Osmeña - Roxas
Mission In 1931, through the recommendation of Quezon, another independence mission was sent to the United States. It was headed by Senator Sergio S. Osmeña and Speaker Manuel A. Roxas. This mission was known as the Os-Rox Mission. It was instructed by the Legislature to work for the early grant of the Philippine independence. American groups that were favorable to Philippine Independence. American farm Group Which believed that Philippine agricultural products, like sugar and coconut oil, which were entering the United States free of duty, competed with American farm products. To eliminate competition, the American farm group lobbied for independence for the Philippines and for Philippine farm products to be taxed upon entering the United States. American Labor Leaders Believed that Filipino laborers that were entering the United States without any restriction were also competing with American laborers because Filipino laborers accepted low wages, driving out American laborers, whose higher standard of living required them to demand for higher wages. The group wanted the Philippines to be independent so that in the future the number of Filipino laborers could be limited and thereby eliminate labor competition. American Isolationists Believed that if the Philippines were given independence, the United States would not have to go to war with Japan. As a result of the intensive campaign of the Os – Rox mission and the helped extended by the American pro-independence groups, the U.S. Congress passed the Hare – Hawes – Cutting Act. This law provided the following:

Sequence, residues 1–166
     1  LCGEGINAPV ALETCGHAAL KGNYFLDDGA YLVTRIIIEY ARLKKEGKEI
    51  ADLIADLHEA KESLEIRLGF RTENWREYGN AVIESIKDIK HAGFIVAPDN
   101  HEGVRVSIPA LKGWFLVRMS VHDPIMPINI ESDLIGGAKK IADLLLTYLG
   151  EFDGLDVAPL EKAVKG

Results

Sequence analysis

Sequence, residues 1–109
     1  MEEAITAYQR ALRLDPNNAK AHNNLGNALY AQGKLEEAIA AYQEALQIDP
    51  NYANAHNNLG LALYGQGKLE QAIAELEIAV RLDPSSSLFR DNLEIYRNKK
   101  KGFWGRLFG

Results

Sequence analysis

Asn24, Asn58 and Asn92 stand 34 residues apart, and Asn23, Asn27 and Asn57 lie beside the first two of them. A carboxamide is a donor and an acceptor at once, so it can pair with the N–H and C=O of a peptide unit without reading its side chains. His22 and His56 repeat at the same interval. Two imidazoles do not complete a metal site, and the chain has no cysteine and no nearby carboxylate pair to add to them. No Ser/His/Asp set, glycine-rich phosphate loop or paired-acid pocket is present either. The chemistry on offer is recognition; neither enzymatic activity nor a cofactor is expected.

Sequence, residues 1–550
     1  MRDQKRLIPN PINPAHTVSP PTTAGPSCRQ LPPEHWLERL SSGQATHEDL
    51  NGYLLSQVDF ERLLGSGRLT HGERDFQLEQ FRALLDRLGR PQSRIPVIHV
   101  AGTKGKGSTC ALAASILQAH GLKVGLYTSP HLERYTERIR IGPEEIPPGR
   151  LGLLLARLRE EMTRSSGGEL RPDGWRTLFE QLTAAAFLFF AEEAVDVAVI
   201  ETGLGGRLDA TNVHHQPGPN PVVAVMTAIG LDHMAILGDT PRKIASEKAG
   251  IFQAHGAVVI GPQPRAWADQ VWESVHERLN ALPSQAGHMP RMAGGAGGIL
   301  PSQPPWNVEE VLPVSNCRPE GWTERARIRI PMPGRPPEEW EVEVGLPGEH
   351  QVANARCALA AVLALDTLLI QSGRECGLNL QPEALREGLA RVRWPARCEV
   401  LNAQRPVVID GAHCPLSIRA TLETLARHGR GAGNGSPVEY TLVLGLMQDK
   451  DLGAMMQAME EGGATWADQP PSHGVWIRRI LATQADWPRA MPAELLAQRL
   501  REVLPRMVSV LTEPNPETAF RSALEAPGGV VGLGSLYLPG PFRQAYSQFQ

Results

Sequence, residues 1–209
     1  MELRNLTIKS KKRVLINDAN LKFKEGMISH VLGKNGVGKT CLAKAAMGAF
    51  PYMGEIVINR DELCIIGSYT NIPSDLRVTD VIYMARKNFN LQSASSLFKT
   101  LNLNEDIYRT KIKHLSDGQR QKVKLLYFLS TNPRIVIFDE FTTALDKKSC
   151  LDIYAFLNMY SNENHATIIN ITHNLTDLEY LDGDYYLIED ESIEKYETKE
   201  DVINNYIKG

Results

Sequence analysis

The end of a ten-year period, to be named as the Commonwealth Period, the Philippine Independence would be granted.
The Commonwealth government to be established in the Philippines was to be autonomous, except that the foreign affairs and currency o the Philippines would still under the President of the United States.
There was to be an American High Commissioner who would act as the President’s representative in the Philippines. Fifty Filipino immigrants would be allowed to enter the United States every year for a period of ten years.
Some Philippine products, like sugar, oil, abaca, and other fibers were to enter the United States in limited quantities, while U.S. products were allowed free entry to the Philippines.
It also authorized the United States to retain land or other property designated by the President of the United States for “military and other reservations." Originally President Herbert Hoover vetoed this bill, but the Congress overturned his veto and pass the bill into law. The
Mission When Quezon was informed about the passage of the Hare – Hawes – Cutting Law, he thought that it was not a good law. His reason was that the law, as a whole, was disadvantageous to the Filipinos on the following grounds:
The provisions on trade relations did not ensure economic security for the Philippines after independence;
The immigration quota was offensive and one-sided;
The powers of the American High Commissioner were “too indefinite”; and